Chocoholics Anonymous: From Cake To Craft

  Photo by Jody Horton

Photo by Jody Horton

I confess: I wrote a poem about chocolate cake in the eighth grade. My mom pulled it out of the oven and it was just so, I don’t know, gooey, sitting there, wafting cocoa scents that would tempt an ascetic. All evidence of that poem has now been destroyed, although it took much more time to realize the silliness of my stanzas than to scarf a few slices.

My mom didn’t seem surprised. After all, I was the person who, at three years old, invented an ingenious new way to lick the batter out of the bowl: by putting it on my head, with my tongue stretched out to catch the chocolate as the aluminum rotated. Spatial intelligence was never my strong suit, and after I accidentally lacquered my hair with batter, my mother threw me into the bath. Needless to say, I ended up with a mouthful of soapy water instead of endless cocoa.

Flash-forward 30 years and my heart almost stopped when I walked into a small shop in Portland, Oregon. The walls brimmed with brightly colored packages that almost bounced off the shelves, jars of sweet-looking nectar beckoned, and a few fulfilled faces sat sipping something dark and dreamy.

Cacao. Drink chocolate,” the store’s sign said. “Yes,” I replied.

On that first visit I timidly bought a bar from the huge collection, judging it solely on its pretty wrapper. “Are you sure you don’t want to try anything?” the salesperson asked as I retreated into the cool Portland evening.

That night, after devouring all of the delectable chocolate in my Airbnb apartment, I couldn’t sleep. And it wasn’t from a sugar high. This stuff was different from the Snickers bars and chocolate hearts that I was used to: darker, more real. I’d had enough of candies with creams and fillings. It turns out they masked the real treat, the chocolate.

But what did the guy at Cacao mean when he offered to let me try something?

I couldn’t stay away for long: The next day found me waiting at the store when it opened at 10 AM. My new best friend, co-owner Aubrey Lindley, an effusive, brown-haired thirtysomething, walked me through bite after bite of chocolate.

“This 75 percent Madagascar from Patric is really fruity,” he told me as he handed me a square.

I nodded, but he could tell I was lost. “The beans are from Madagascar,” he explained. “That country is known for really citrus-y tasting cacao, and Patric knows just what to do with it.”

I put the square on my tongue, and under the layer of chocolate, it tasted bright, almost like an orange. This wasn’t your after-dinner Dove chocolate heart with an inspirational message.

Beyond all the complex flavors (even though there are only three ingredients: cacao, cane sugar, and cocoa butter!), the darkness was different too. Hershey’s Special Dark only hits 45 percent cocoa solids, and this bite measured 75 percent. Still, it tasted smooth and sweet, creamy without any milk.

Aubrey watched my face. “Try a nuttier chocolate,” he said, breaking off a piece of Amano’s Ocumare bar from Venezuela.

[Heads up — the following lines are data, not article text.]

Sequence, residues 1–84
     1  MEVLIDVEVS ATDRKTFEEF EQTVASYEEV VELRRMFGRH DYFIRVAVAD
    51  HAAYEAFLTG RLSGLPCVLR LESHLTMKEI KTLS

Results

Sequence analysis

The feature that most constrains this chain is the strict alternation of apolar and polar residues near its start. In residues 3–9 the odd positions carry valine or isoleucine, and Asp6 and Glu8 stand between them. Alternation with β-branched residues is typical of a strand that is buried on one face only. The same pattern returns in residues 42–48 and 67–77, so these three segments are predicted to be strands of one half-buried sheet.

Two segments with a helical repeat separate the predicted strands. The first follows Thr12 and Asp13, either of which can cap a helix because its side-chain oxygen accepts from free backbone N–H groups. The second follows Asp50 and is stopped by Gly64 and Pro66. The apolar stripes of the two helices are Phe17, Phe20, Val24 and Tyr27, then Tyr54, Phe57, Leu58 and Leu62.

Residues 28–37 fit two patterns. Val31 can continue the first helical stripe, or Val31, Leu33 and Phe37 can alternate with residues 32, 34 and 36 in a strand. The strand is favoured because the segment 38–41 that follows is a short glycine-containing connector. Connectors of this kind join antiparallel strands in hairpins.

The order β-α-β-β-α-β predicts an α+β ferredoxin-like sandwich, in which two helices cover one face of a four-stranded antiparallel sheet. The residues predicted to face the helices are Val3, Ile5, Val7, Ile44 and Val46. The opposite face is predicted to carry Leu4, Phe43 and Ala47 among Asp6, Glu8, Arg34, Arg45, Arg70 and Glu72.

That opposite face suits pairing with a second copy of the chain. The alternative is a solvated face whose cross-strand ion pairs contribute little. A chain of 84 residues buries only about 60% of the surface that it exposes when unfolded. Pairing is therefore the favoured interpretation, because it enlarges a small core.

I closed my eyes. Roasted nuts. Like the most decadent, tiny fudge brownie that has ever existed.

“What’s, like, the weirdest thing you have?” I asked him. Clearly I was getting more comfortable with this whole idea of eating chocolate for free.

He let out a wild giggle. “This one,” Aubrey said, pulling another Amano bar off the shelf, this time from Dos Rios, in the Dominican Republic. “It’s yeasty, almost like bread.”

Or beer. Chocolate, like beer and coffee (and wine, our old snobby friend), holds many different tastes. Berries. Citrus. Nuts. Leather. Grass. A number two pencil. Chocolate can take on many strange flavors, especially when you compare two different bars. As Aubrey placed different squares side by side, I could taste the entire world in chocolate.

  Illustration by Fernanda Frick

Illustration by Fernanda Frick

It turns out that chocolate is no longer only coming from France or Belgium or even good old neutral Switzerland. American makers now match and even (in some cases) exceed the masterpieces coming from big European companies like Valrhona and small makers like Pralus. This new movement of bean-to-bar makers is producing bolder, bigger chocolates. Distinctly American chocolates.

I finally got it. Food lovers are just as likely to nibble on a high-quality chocolate bar as they were to sip an expensive bottle of wine. This new-school chocolate resembles a vintage Cabernet Sauvignon more than a good old Hershey’s, with prices ranging from $7 to more than $200 to match. In other words, these makers are transforming chocolate from a kid’s sweet into an artisan luxury food.

Two hours later I waddled out of the store with enough theobromine to take out a pack of wild dogs, and with a new determination to find the makers changing our tastes. I wish I could say it was for some intellectual purpose or humanitarian good, but nope, I just wanted to eat some chocolate.

Back at home, I gleefully cleared out black beans and canned tuna from the pantry’s biggest shelf to make room for bars from Askinosie and Rogue and Fine & Raw. Sure, I could eat chocolate until I was brown in the face. But finding the best chocolate from the best makers? Well, that was a different beast.

This project, Chocolate Noise, is a collection of essays about those craft chocolate makers that cuts through the noise of hype, reviews, and top 10 lists to capture a moment in time, the beginning of the bean-to-bar chocolate movement in America. As Shawn Askinosie, the founder of Askinosie Chocolate, says, “It’s not about the chocolate. It’s about the chocolate.”

 

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